Safe Routes to School :: Practice and Promise
Safe Routes To School - Why?
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Chapter One








Pose the question, “How did you get to school when you were a kid?” to a roomful of adults, and chances are the great majority will say that they walked. If you ask them what they experienced while walking, the following responses are typical:

My brothers and sisters and I got together with some
neighbor kids and we all walked together. It was really fun.

Man, we were really awake when we got to school! It was cold out in the morning and walking really got our blood going.

My mom walked with me when I was little, and then I walked
with my big sister. I loved it when we got to go by ourselves – it made me feel really grown up!

It was always nice and quiet walking down the road in the
morning. The air smelled good and we got a chance to see
all the trees blossom, change their leaves and all.

When I got to be about 12, I didn't walk anymore.
I rode my bike and that was a whole new feeling of freedom.
My friend and I used to zoom through the streets.
There weren't very many cars out.

Seldom in our years of working with people to develop Safe Routes To School (SR2S) in their communities have we heard an adult say anything negative about walking to school. There may have been the occasional bully, but, as one man said, “He gave us a reason to run fast and we got stronger!”

Today however, in the United States, fewer than 15 percent of children walk to school every day.1 In response to this situation, many efforts to encourage walking and biking to school have sprung up. The growth of these efforts has come to be called the SR2S movement. Some projects have existed for several years; some started recently. Their common goal is to increase the number of children who walk and bike to school safely.

To understand the SR2S movement, we must first answer this question: Why has there been a decline - in just one generation - of children walking and bicycling to school?

That is not an easy question to answer. We all realize that the United States is not the same as it was in 1950. However, if we look at how life in this country has changed during the past 50 years, some explanations begin to emerge. There have been significant changes in two major areas: community design and travel patterns.

Community Design and Travel Patterns

Before World War II, Americans lived in compact towns and cities, and they walked to shops, schools, and work. While the United States population has nearly doubled—from 150 million in 1950 to 287 million in 2002—and the population in urban areas has increased by 25 percent, the percentage of urbanized land has changed much more dramatically—it has quadrupled. The suburbanization of America has resulted in communities that are significantly more spread out. The size of residential lots is much greater now than before 1950. For example, in 1950, around the Chesapeake Bay, each person required .18 of an acre for residential and commercial use. By 1988, each person required .65 acre.2, 3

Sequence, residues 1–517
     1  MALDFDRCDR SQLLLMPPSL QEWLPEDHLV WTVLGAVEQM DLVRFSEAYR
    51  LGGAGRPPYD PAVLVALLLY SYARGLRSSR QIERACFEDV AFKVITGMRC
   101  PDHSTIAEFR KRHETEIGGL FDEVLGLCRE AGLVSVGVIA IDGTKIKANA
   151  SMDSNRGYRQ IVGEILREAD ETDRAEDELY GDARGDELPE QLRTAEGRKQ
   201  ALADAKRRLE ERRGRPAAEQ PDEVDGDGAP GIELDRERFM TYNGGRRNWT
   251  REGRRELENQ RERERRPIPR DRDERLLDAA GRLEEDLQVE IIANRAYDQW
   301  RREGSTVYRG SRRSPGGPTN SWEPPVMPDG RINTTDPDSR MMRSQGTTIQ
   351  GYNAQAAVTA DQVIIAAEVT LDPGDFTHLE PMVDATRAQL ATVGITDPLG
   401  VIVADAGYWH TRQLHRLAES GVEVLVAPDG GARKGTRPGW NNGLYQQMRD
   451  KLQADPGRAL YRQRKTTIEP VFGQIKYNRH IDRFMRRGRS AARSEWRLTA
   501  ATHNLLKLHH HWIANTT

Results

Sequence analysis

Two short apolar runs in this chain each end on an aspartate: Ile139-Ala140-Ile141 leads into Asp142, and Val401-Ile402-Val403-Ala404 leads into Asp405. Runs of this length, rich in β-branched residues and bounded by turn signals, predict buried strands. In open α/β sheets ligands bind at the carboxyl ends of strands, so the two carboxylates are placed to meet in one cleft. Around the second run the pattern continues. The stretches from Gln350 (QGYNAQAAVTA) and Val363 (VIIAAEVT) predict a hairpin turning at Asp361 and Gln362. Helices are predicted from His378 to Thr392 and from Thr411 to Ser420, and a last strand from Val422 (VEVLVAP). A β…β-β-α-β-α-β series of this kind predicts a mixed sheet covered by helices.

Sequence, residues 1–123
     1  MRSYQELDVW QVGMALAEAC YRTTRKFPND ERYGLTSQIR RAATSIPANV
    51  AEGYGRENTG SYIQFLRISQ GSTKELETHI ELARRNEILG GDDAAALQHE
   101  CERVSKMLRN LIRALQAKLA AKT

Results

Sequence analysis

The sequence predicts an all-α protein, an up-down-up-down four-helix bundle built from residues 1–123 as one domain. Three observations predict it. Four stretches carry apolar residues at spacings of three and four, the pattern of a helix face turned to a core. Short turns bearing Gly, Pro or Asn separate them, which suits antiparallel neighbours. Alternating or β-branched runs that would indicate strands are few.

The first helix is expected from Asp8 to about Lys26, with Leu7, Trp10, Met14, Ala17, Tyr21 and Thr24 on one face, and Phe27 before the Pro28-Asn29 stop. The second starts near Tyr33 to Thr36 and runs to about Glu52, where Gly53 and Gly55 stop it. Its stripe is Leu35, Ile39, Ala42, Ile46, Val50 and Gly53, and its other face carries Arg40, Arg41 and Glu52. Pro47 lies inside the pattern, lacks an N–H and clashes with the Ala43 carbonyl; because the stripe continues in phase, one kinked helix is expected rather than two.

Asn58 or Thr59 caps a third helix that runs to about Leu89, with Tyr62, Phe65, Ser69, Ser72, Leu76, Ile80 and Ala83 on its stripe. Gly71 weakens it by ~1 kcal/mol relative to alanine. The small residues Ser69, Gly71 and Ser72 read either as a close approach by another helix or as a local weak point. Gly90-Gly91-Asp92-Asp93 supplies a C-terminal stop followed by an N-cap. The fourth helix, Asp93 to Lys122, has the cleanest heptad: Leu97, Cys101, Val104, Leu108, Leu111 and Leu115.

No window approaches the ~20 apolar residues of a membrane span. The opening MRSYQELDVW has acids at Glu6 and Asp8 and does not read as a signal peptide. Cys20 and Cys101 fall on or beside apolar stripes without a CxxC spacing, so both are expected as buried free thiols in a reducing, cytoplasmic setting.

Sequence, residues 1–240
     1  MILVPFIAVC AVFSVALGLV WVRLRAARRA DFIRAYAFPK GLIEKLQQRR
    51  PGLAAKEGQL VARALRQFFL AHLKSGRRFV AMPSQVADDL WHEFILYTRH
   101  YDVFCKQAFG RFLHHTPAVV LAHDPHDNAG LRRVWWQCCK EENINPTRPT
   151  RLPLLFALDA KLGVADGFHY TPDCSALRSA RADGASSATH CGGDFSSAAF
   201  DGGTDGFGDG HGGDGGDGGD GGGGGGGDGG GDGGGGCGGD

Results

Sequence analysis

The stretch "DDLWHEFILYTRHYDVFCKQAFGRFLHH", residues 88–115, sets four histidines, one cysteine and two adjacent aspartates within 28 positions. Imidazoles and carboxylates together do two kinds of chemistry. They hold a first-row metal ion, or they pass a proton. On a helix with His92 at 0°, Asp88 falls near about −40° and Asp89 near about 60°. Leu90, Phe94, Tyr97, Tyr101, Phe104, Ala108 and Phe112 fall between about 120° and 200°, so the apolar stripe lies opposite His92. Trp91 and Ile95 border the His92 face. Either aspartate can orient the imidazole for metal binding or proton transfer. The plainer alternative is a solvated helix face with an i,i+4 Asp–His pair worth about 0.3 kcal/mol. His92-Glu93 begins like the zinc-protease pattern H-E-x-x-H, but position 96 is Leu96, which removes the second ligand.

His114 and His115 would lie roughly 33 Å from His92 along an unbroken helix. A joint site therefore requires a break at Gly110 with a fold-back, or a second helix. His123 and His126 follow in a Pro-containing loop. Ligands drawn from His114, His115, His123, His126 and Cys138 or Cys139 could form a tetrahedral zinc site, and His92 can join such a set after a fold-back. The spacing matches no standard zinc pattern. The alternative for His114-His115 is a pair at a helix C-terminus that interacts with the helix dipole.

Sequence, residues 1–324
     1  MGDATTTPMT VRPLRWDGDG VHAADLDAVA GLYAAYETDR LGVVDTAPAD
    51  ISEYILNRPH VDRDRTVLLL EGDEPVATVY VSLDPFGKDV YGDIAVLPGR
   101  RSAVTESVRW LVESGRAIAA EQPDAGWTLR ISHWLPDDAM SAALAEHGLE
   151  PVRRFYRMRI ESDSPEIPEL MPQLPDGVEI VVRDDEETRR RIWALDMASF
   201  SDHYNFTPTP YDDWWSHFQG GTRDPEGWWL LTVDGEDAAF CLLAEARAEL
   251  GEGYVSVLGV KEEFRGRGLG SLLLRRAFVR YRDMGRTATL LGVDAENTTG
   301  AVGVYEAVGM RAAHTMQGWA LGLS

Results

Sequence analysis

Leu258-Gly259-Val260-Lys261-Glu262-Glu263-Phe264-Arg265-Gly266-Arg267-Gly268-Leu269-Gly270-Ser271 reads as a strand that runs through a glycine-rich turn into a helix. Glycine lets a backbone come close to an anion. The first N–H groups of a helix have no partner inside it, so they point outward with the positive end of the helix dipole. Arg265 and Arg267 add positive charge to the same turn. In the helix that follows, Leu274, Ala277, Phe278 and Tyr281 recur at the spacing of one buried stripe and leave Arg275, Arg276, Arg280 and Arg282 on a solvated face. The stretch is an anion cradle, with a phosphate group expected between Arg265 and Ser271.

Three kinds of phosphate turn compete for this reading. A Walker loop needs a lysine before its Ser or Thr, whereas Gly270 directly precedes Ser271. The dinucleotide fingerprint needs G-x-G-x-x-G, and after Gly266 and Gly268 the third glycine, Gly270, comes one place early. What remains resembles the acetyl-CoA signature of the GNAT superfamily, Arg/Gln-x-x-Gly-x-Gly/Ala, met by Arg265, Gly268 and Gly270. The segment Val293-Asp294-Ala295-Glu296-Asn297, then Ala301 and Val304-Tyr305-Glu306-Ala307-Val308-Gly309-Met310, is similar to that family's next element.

This expansion around towns and cities significantly changed travel patterns. Where walking and transit use once predominated, the private car has become the normal way to get around. The number of vehicle miles traveled (VMT) increased from 718 billion per year in 1960 to more than two trillion per year in 1999.4 As with land use, the increase in motor vehicle use has grown much faster than the rate of population growth. Driving to school has significantly contributed to increased auto use. It has been estimated that the “school run” adds 20-30 percent to traffic volume during the morning commute.5

Changes in land use and driving patterns certainly seem to have contributed to the decreasing number of children walking to school. Have other changes led to the Safe Routes To School movement? It appears that the answer is yes.

Environmental Quality

At the same time as land use and transportation practices have been changing, we have seen significant changes in environmental quality. Air pollution concerns in the 1960s and '70s resulted in the passage of regulations aimed at reducing various pollutants. While many air pollutants have decreased during the past 30 years, the decline is now threatened by the continuing rise in the number of cars and trucks on the road, and in the miles each vehicle is driven.3 However, one important emission has not decreased—carbon dioxide (CO2). This “greenhouse gas” is released in direct proportion to the gallons of gasoline consumed. The amount of carbon dioxide American cars and light trucks emit into the atmosphere has steadily increased. From 1970 to 1999, the amount increased by 56 percent, culminating in an estimated 300 million metric tons of carbon being released in the latest year.6, 7 Concerns about global warming have grown during this period as well.

Changing land development and driving patterns have also caused loss of natural habitat and farmland. Water quality suffers because more pavement is required to handle the increase in vehicles. This results in runoff of water laced with toxic substances from the pavement into lakes, streams, and rivers instead of being absorbed by the earth.3, 8


The common goal of Safe Routes To School projects is to increase the number of children who walk and bike to school safely.






A picture of a girl picking something


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